The recent announcement by UNAIDS and the World Health Organization that they may have overestimated the number of HIV positive people worldwide by as much as 20 percent has obscured the two most important issues that should be discussed this World AIDS Day. The first is the extraordinary success of the billion dollar initiatives of the past six years, which have resulted in putting over a million people in developing countries on anti-retroviral therapy. The second is that, despite this success, we continue to fail to meet the larger need: last year more than two million people died from AIDS -- nearly all in the developing world, 78 percent in sub-Saharan Africa alone.
How has it happened that the international news story should focus on statistical abstractions rather than the human face of the continuing pandemic? There are those who would lay responsibility at the feet of UN, and to be sure, they bear a good deal of blame. Despite the warnings of health experts and observers, the UN was content to oversimplify, accepting data without critical review or revision. Now, critics are blasting the sloppy results, while the toll of the disease on individuals may be lost amidst the noise.
It's important this doesn't happen. An overlooked reason for the suffering of Africans was a fundamental breakdown in health systems which allowed HIV to thrive, undiagnosed and untreated, for several decades. AIDS is now estimated to have emerged in central Africa in the 1940s, and as epidemiological forensics improve, that date may roll back substantially. Through the 1960s and '70s, a deadly "slimming" disease destroyed swaths of humanity long before hitting our radar screen in the early 1980s. Decades of underinvestment in the public health system and the utter exclusion of services for the poor made it possible for the international community to miss the disease until it was globally established.
AIDS is now treatable but this requires well-trained health professionals, infrastructure, and management. Rwanda, where I work and live, is a crucible of sorts for the pandemic. Before the emergence of the Global Fund to Fight AIDS, Tuberculosis and Malaria just five years ago, Rwandans who had AIDS simply died. With financing from the U.S. government and the Global Fund, surveillance and testing of HIV improved dramatically, and effective treatment began. By 2004, testing in urban clinics indicated that from 10-30 percent of women showing up for pre-natal care were HIV positive.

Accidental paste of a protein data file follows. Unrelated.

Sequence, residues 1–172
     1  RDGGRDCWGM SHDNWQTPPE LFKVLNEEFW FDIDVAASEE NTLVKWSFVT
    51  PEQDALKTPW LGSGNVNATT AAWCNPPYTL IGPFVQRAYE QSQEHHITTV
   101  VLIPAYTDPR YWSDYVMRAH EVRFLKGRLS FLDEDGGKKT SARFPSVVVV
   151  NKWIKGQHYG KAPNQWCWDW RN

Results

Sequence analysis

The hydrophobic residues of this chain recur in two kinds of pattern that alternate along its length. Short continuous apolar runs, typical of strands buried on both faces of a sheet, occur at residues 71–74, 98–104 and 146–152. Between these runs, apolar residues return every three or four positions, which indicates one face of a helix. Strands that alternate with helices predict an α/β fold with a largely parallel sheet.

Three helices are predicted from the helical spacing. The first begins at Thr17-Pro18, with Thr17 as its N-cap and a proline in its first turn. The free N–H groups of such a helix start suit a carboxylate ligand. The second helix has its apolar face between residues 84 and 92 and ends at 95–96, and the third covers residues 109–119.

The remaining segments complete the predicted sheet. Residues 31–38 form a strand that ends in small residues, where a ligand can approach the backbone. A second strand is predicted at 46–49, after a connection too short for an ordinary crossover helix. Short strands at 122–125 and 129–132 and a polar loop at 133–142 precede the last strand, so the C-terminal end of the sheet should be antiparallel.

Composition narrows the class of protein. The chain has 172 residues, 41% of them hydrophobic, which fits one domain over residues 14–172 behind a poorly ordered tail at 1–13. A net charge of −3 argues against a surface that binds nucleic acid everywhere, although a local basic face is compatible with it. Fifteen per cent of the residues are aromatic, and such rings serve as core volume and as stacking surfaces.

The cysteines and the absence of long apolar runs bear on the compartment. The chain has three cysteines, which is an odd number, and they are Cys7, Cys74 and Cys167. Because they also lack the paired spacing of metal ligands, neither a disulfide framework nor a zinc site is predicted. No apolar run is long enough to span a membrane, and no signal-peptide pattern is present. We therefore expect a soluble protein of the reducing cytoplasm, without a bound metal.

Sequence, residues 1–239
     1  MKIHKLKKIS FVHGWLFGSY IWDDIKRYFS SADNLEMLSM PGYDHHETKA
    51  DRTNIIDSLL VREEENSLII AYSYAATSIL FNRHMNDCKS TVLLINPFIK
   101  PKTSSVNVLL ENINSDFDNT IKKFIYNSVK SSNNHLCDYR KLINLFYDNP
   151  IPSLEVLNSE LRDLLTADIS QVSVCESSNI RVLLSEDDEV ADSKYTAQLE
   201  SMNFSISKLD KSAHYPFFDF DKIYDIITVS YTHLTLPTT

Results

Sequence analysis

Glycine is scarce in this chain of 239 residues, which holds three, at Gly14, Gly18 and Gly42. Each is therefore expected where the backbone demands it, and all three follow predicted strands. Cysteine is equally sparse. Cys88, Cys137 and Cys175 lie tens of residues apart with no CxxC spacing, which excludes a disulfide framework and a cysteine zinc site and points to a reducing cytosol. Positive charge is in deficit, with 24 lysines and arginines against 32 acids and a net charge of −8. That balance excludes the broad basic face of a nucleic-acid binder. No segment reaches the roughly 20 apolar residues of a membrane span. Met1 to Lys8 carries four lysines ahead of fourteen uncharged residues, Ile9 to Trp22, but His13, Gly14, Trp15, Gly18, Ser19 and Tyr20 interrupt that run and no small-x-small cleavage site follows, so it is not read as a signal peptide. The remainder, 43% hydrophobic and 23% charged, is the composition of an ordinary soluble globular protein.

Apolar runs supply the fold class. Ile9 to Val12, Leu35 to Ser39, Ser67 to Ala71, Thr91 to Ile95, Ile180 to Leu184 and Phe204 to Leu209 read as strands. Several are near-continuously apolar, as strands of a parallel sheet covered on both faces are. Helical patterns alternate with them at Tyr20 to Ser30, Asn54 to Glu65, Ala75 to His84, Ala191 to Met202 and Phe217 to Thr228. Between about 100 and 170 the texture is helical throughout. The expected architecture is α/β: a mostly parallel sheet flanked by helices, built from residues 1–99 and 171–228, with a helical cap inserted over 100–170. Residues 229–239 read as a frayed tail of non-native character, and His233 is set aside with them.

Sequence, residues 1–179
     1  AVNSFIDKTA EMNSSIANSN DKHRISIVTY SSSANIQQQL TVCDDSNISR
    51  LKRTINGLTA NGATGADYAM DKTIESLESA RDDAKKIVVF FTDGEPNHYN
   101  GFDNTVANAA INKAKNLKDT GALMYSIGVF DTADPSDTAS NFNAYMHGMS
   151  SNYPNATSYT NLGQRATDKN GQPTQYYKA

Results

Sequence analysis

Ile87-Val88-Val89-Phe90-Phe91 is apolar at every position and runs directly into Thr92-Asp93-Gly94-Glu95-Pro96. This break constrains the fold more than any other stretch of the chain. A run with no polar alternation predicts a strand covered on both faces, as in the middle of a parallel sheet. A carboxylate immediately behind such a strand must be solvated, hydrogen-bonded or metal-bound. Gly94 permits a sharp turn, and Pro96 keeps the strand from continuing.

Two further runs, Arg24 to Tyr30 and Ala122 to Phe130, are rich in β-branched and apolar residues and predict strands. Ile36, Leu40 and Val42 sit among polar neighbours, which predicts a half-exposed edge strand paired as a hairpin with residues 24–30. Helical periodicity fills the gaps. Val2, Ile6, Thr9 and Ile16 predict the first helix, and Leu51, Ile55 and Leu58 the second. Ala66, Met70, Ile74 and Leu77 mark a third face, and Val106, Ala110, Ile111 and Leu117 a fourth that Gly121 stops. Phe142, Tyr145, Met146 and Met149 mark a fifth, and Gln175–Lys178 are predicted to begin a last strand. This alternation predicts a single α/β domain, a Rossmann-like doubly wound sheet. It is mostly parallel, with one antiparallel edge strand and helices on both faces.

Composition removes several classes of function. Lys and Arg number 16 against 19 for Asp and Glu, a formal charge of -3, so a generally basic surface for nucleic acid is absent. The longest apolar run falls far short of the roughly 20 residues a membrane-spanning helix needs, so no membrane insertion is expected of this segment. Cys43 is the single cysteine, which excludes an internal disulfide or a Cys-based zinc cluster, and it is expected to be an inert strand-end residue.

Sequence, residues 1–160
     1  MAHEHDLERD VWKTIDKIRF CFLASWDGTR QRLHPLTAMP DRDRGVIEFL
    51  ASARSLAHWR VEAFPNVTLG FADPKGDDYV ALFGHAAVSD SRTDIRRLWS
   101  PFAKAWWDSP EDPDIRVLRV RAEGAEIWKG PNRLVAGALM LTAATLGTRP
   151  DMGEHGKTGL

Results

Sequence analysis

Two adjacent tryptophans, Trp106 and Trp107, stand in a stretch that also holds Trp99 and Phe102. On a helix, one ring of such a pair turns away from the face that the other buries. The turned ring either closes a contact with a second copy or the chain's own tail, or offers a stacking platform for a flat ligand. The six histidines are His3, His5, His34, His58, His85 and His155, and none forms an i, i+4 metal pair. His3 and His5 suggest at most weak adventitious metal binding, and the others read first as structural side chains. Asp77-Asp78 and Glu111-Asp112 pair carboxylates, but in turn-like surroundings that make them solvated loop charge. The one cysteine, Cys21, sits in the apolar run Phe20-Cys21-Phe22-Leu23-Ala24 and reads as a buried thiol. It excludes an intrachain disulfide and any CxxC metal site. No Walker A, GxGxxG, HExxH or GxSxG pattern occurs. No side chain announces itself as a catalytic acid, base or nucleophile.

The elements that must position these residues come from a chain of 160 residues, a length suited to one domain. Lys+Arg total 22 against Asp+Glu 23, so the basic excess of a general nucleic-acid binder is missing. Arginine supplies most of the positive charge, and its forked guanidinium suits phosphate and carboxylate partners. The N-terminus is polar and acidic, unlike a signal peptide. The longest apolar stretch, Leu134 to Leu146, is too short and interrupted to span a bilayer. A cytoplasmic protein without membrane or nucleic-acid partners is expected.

It was figures like these that, until recently, informed data analysis which led to higher figures of AIDS prevalence. In Rwanda, these initial studies implied a 12-15 percent overall prevalence of HIV in the population. Previous studies had shown that any time prevalence moves above the five percent mark (five times higher than the international average), epidemics can grow to staggering proportions, as was seen in Botswana where nearly half of all adults are HIV positive.
Rwanda recognized the potential catastrophe and took quick action. It designed new strategies and programs, streamlined management, and attracted international donor money. From the head of state to local leaders, the country was engaged in fighting the virus.
In the past couple of years, it's become apparent that Rwanda didn't have the whole picture. It's prevalence rate is closer to three to five percent -- far below what had been originally estimated. While this figure is a relief, enormous challenges test the public health infrastructure. Understaffed health centers without running water are hard pressed to deliver HIV/AIDS services. AIDS funding that has been committed to Rwanda, even when the higher statistics prevailed, has gone into much-needed medical and management training and infrastructure improvement, providing a better health setting for all patients.
While the numbers of people living with HIV may have been exaggerated due to poor data, the consequences of not doing more to serve the needs of the poor have not been. Millions in sub-Saharan Africa continue to go untreated and undiagnosed, and more -- not less -- needs to be done. The real question this World AIDS Day is not, "how did we miscount the infected by 6 million?" but rather, "how did we allow another 2.1 million to perish from a treatable disease and another 2.5 million to be infected?"
Josh Ruxin is Assistant Clinical Professor of Public Health at the Mailman School of Public Health at Columbia University and Director of the Access Project in Rwanda.